Be Positive, Be Resilient

Tips and Tricks from the World’s Best Grandma

 
 
Resilience
 
 
 

Ninety-six-year-old Nani ji is a jetsetter. A true globetrotter.

She’s the quintessential snowbird who travels southward to warmer climates when the winter hits. However, instead of going to Florida, she has always made her annual winter migration to her pindh in Punjab.

Family is important to Nani ji. And since she’s whip-smart and has an astute understanding of how to make the most out of every opportunity, she always stops in Hong Kong en route to Punjab in order to spend a few weeks visiting family who live there.

Up until last year, that is, when a stroke put a damper on her travel plans.

Nani ji is resilient! She has the willpower to stop a pack of horses. But she’s human. Superhuman in many respects, but still human.

Nani ji’s journey to recovery has been incredible to see. Given her age and the severity of her stroke, it’s impressive that she has been able to progress so quickly. Nani ji, however, seems nonplussed by it all. For her, it wasn’t a matter of if she would get better, but when.

So how did she do it? Here are three nuggets of wisdom that she taught us along the way:

1. Ask for what you need.

Nani ji has never been afraid to tell us what she wants. This was no different once she got her bearings in the hospital post-stroke. She only speaks Punjabi. Yes, she’s traveled across the world, usually all by herself, navigating and mitigating the language barriers. So when the hospital clinicians started speaking only to her daughters and granddaughters, bypassing her entirely, she let everyone know that she would speak for herself and she would be heard. An interpreter was always present afterwards!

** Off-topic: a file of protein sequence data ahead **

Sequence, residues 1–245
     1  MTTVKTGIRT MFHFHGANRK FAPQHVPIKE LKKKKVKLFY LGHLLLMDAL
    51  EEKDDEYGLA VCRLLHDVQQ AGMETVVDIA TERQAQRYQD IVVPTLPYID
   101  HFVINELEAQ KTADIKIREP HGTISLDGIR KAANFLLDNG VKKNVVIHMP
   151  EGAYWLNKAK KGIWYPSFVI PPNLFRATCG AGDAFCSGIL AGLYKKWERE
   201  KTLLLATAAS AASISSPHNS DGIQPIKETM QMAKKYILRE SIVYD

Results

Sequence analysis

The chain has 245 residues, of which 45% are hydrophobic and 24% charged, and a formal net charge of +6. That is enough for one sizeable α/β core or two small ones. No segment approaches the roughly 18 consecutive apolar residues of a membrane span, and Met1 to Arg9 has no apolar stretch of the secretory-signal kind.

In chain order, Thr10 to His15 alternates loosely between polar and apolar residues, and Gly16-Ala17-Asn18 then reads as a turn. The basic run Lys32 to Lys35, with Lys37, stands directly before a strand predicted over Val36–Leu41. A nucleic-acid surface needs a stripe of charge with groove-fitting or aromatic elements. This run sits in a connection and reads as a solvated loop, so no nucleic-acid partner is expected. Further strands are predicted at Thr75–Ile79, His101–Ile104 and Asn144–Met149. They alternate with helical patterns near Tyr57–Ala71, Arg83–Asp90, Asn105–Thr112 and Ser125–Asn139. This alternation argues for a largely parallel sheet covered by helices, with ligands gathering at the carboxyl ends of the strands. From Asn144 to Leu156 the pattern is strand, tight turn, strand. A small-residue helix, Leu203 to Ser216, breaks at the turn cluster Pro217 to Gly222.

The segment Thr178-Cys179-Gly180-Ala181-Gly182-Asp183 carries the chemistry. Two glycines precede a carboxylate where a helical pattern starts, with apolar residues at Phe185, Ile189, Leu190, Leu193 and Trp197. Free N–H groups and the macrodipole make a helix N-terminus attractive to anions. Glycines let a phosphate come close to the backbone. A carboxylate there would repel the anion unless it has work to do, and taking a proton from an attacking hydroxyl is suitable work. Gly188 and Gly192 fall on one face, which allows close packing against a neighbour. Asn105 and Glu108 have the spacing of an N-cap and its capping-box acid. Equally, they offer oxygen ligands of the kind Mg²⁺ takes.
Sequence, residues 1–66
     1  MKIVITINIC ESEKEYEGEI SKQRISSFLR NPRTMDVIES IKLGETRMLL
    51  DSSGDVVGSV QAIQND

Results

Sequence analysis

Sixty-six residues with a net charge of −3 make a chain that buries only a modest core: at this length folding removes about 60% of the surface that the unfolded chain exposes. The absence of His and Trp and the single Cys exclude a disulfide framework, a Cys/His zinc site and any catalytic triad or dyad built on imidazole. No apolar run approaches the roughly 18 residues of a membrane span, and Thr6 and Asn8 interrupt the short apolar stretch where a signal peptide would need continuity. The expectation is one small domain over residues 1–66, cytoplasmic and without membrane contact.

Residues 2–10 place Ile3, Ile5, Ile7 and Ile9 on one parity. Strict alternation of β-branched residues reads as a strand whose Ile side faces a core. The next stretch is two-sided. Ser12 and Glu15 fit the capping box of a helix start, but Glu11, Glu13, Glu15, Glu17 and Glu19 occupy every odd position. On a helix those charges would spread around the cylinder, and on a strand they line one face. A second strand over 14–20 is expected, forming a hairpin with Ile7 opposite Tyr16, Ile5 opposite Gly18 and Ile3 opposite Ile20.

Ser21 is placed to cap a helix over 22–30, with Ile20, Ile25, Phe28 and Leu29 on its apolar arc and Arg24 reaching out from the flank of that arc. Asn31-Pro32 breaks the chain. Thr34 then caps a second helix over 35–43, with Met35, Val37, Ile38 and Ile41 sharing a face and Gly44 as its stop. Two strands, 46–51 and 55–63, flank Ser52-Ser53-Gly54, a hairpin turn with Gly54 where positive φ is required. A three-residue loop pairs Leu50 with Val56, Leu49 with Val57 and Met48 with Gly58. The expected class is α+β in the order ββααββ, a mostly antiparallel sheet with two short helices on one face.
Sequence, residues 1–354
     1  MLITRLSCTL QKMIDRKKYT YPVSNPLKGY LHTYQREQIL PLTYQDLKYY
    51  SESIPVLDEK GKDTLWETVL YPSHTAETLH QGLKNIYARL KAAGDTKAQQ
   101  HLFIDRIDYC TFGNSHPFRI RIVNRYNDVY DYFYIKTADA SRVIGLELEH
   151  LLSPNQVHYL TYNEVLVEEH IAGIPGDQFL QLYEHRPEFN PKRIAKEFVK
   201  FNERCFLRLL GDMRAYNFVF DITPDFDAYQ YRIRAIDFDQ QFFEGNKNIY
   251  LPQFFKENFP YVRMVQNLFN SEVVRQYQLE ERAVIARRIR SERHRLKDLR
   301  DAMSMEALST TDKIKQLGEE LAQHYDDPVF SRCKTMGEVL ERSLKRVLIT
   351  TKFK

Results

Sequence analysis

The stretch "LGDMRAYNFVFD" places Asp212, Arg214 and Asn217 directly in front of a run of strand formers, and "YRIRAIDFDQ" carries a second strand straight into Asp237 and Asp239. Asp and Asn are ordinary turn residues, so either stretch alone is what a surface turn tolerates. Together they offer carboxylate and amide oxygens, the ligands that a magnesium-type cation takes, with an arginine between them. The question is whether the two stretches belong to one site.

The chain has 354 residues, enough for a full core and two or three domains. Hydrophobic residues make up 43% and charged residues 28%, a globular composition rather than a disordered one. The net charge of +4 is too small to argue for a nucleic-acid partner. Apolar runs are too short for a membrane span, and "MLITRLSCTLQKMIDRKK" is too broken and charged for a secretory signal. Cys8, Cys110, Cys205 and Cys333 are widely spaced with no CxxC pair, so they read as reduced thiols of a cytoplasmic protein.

2. Don’t be afraid to take time to mull things over.

Sometimes decisions, especially medical ones, need to be made quickly. But if you’re a competent and capable adult, understanding your condition and the potential next steps is of the utmost importance. Take the time you need to understand the situation. Confer with your family if you need to, and then come to your decision.

Nani ji’s rehabilitation goal was an ambitious one. She wanted to be able to walk again, completely unaided. Initially the clinicians were taking her through exercises that would help get some movement back in her limbs. They told her to manage her expectations and not to push too hard. She took time to think, realized she ultimately wanted to be capable of more, and told them so.

3. Being positive and setting goals have a huge impact.

The emotional ups and downs of life are normal and inevitable; they’re something we all go through. But when these are coupled with a chronic or debilitating condition you didn’t initially plan for, it can be difficult to see how you can get back “up.” If you find yourself in a situation like this, it’s important to keep a positive attitude and to work toward specific goals.

Nani ji was excited last summer because two of her grandchildren (she won’t even deny that these two are her favorites!) were newly engaged. This time around, her India trip would include loads of shopping. Then she had her stroke and these plans went poof!

At first she was frustrated and sad. She came to realize, however, that by not going to India she’d be closer to all the hustle and bustle of planning the actual weddings! She set a goal to be able to dance at both weddings. This made her even more determined and diligent with her exercises and check-ups.

The first wedding happened last May, and she danced up a storm!

 

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